The ENCODE data are a “very promising avenue” for understanding exactly how social and physical environments can result in disease, Adler says.
Traditionally, researchers have focused on mapping the genome and paid less attention to what some call the “exposome” or the “environome,” ingredients in one’s external environment that interact with genetic vulnerabilities. These ingredients include anything from job stress and social relation- ships to air quality and noise pollution.
The recent research puts more emphasis on this question, Adler says: “If there’s a switch, what determines what flips that switch?”
Research examining what physical mechanism flips genetic switches in people living under stress is still in its beginning phases, but preliminary experiments suggest that answers lie in dark matter.
“What ENCODE and a variety of other studies have shown is that there’s really not a lot of explanatory power within the coding region of genes,” says Steve Cole, associate professor in the Division of Hematology-Oncology at the UCLA School of Medicine. Cole, who was not involved with ENCODE, focuses his research on explaining why genes get activated or expressed in a way that facilitates disease.
Most disease-linked genetic changes happen in the stretches of DNA sequence that lie outside the coding region, where ENCODE has identified many “regulatory sites.” These regulatory portions of dark matter act like a set of dimmer switches. They determine the extent to which the gene is activated within the cell, if it’s activated at all, and they also control what kind of a cell it will be. This information provides new leads for linking the genetic variations to diseases.
Cole researches how social environments influence gene expression. His studies examine how social stress and isolation affect the expression of inflammatory genes, which play a role in many diseases, from the common cold to heart disease. As it turns out, stress and isolation affect a pathway created by what was once written off as junk.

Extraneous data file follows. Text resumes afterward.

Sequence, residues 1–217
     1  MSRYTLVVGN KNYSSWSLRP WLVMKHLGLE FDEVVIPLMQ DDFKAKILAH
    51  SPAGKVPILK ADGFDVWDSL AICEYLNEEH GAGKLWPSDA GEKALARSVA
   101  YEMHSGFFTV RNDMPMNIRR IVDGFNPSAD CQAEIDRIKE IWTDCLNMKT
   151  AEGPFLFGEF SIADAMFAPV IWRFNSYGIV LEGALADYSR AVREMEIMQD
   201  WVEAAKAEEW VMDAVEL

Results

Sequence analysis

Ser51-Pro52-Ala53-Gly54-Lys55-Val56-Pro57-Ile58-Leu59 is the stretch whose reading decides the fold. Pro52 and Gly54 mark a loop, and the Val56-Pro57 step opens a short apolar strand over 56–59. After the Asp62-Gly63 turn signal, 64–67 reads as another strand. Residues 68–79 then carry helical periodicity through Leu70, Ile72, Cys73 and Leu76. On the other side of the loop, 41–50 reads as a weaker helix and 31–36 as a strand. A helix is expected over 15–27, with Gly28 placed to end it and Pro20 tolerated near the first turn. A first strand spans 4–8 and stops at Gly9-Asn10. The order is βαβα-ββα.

Some of the clearest examples of dark matter DNA’s effect on the body, Cole says, have been experiments conducted using small animals. He described a study that induced a psychological-stress response in cancer-ridden mice (by placing individual mice in a box) to study the effect of that stress on the cancer cells. The stress response, researchers observed, activated particular receptors on the surface of cells in the mice, and those receptors in turn activated protein “transcription factors” within the cell to bind onto the dark matter of DNA. The transcription factors activated genes that created an inflammatory response, and the tumors grew and metastasized.
Cole says the mice experiments were revelatory. “In those kinds of models, we can see a lot,” he explains. “Once we understand those receptors, we can give the mouse a drug that blocks those receptors” by decreasing the stress signals’ ability to reach dark matter DNA and activate the genes that promote cancer metastasis.
Cole warns that although this approach may work in small animal models, humans operate very differently—some effects might occur differently or not at all in a human study. More studies will need to be conducted before researchers understand how the non-encoding regions of the DNA are affected by stress and in turn affect gene expression.
Despite the need for more research, these studies do emphasize the essential role of dark matter DNA. “It’s actually the eyes and ears of the system,” Cole says. “In terms of the basic philosophy of genetics, we need to look more at the eyes and ears, and less at the hands and feet, of the genome.”
Eventually, researchers expect, the ENCODE project will provide a blueprint of the human genome. When it is mapped in its entirety, it could pave the way for truly personalized medicine.
This story originally appeared in the California Health Report magazine’s Winter 2012/2013 issue. Read the rest of the magazine here.